The Gut Microbiome refers to the multitude of micro-organisms that live in our gut. It is made up of bacteria, ancient bacteria called archaea, fungi, viruses and other more obscure microbes.

A microbiome is an ecosystem characterised by the fact that its members entertain complex relationships with each other thus maintaining an organised equilibrium. For instance some bacteria will live off the waste of other bacteria that feed off the food we eat.

Microbes are most abundant in the colon but generally populate every nook and cranny along our digestive system.

For some, a colonic irrigation might be comparable to a kind of tsunami inflicted upon our delicate and vitally important gut flora. However, as with all ecosystems, balance is only but a constant and dynamic adjustment of imbalances. Although gut microbes maintain a tight equilibrium amongst themselves, this doesn’t necessarily mean that it works in our favour. Modern living has put an enormous strain on the rather complex and subtle relationships that have evolved between our gut microbiome and our immune system. This is evidenced in the alarming numbers of modern/chronic diseases that are rooted in a dysfunctional/inflamed immune system from Alzheimer and autism to diabetes and arthritis.

 In this context, Colonic is simply a window of opportunity to influence the dynamic in our favour.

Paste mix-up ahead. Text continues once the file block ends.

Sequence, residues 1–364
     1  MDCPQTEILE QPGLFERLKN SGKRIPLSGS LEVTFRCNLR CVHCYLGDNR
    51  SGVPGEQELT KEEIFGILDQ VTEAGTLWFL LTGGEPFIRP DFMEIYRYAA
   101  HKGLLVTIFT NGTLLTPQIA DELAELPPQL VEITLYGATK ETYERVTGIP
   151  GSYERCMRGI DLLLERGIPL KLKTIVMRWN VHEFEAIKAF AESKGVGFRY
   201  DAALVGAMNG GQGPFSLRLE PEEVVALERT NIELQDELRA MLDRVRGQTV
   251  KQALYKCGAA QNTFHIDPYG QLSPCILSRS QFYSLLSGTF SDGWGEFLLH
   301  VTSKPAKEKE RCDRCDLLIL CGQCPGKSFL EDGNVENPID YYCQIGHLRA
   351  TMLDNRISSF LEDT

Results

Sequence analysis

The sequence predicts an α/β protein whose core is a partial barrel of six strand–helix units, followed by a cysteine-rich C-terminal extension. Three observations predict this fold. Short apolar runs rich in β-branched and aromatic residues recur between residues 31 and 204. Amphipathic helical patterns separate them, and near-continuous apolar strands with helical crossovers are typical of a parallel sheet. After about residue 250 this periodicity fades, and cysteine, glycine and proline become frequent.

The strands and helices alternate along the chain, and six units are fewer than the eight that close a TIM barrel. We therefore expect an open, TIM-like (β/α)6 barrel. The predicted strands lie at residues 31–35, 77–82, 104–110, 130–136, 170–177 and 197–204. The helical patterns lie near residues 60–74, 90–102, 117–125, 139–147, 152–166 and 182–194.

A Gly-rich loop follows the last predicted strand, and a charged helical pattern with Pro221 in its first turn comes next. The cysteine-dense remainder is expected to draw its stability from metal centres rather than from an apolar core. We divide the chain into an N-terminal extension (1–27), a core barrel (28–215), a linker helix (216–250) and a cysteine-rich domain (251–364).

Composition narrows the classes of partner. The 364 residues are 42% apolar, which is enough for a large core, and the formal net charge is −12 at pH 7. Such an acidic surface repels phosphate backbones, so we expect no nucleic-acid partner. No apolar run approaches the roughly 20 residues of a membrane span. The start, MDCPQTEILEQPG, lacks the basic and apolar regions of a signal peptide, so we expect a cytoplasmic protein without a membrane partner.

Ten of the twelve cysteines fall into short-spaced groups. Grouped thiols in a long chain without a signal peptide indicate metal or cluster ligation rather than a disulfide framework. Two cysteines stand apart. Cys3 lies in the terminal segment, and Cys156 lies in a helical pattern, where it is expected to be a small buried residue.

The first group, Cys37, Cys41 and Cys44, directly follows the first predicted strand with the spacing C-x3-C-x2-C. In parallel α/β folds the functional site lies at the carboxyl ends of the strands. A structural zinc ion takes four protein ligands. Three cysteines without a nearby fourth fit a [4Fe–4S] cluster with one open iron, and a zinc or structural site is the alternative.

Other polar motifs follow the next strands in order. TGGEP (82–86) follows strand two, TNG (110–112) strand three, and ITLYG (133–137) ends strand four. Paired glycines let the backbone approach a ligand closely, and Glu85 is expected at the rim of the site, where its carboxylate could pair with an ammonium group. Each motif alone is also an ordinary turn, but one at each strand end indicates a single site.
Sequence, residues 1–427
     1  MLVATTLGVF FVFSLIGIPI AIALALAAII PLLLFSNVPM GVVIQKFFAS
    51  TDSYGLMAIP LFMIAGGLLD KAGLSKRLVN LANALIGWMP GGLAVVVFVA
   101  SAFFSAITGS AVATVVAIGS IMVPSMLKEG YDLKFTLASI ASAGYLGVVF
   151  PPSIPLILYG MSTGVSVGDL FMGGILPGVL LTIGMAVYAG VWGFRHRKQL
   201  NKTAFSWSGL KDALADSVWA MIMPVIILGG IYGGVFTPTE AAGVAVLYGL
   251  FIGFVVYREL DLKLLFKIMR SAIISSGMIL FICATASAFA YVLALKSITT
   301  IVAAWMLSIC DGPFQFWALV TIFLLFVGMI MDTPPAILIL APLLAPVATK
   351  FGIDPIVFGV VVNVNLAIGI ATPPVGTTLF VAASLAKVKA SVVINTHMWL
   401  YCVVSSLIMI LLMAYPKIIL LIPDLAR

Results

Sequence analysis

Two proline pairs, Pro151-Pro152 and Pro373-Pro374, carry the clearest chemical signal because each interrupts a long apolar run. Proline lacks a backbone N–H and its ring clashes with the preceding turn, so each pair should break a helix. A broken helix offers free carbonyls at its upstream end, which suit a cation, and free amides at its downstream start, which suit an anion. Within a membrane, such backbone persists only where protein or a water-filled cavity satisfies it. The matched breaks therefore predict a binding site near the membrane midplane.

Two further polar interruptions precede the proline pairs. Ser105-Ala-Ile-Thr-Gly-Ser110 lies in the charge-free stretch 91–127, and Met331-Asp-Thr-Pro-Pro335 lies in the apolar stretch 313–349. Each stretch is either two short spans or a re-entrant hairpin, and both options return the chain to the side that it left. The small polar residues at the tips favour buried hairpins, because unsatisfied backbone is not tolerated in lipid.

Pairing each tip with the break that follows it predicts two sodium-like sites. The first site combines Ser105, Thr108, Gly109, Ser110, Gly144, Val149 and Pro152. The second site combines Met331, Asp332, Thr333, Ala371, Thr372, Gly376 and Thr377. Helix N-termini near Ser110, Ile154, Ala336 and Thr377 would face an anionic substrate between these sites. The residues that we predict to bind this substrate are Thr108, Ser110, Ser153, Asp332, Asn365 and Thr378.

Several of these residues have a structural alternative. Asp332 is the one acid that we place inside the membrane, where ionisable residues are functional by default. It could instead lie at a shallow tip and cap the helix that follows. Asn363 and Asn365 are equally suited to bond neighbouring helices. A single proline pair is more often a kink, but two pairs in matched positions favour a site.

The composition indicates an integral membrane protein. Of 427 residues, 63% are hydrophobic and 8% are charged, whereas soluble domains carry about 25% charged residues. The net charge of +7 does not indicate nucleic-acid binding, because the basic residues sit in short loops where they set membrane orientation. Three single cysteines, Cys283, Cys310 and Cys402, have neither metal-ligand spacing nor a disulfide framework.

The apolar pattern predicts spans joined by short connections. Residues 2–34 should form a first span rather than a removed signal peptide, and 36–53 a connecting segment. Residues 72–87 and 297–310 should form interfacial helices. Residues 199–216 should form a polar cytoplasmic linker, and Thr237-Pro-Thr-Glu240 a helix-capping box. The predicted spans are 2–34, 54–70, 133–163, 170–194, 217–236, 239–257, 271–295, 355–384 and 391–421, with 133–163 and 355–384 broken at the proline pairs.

The window is relatively short. The effect on gut flora lasts about two weeks. Unlike antibiotics, it doesn’t kill anything; it merely removes and reduces individuals. Unlike laxatives, it doesn’t irritate; it stimulates natural peristalsis (bowel movements) and releases dysfunctional spasms.

Get the best from your colonic by supporting a healthy gut flora following your treatment:  

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  • Avoid alcohol, chlorine, herbicides, pesticides and some medications (antibiotics, anti-inflammatories, anti-depressants, antacids and many more all have detrimental effects on gut flora)
  • Eat fibre rich foods (especially water soluble fibres) such as flax seeds, chia seeds, oat bran, root vegetables and pulses (lentils, chickpeas, etc.)
  • Eat berries and foods that are rich in polyphenols (dates, red grapes, etc.) which have an antimicrobial and antioxidative effect. The combination of blueberries and probiotics has been shown to reduced inflammation-inducing bacteria while increasing health-promoting lactobacilla in the intestins, 
  • Encourage a diverse gut flora by eating  fermented vegetable (such as sauerkraut etc.)kefir, soft cheeses (such as brie, Roquefort, feta, etc.) fermented soya (such as Tempeh) and by taking a quality probiotic supplement
  • Take care of yourself; lack of sleep, anger/stress; lack of exercise; lack of sunlight all have been shown to be detrimental to a healthy gut flora through the complex and interactive relationships that exist between our gut, brain, hormones and our highly sensitive gut microbiome.

Come and join me for a workshop on the use of probiotics for different issues and fermented vegetables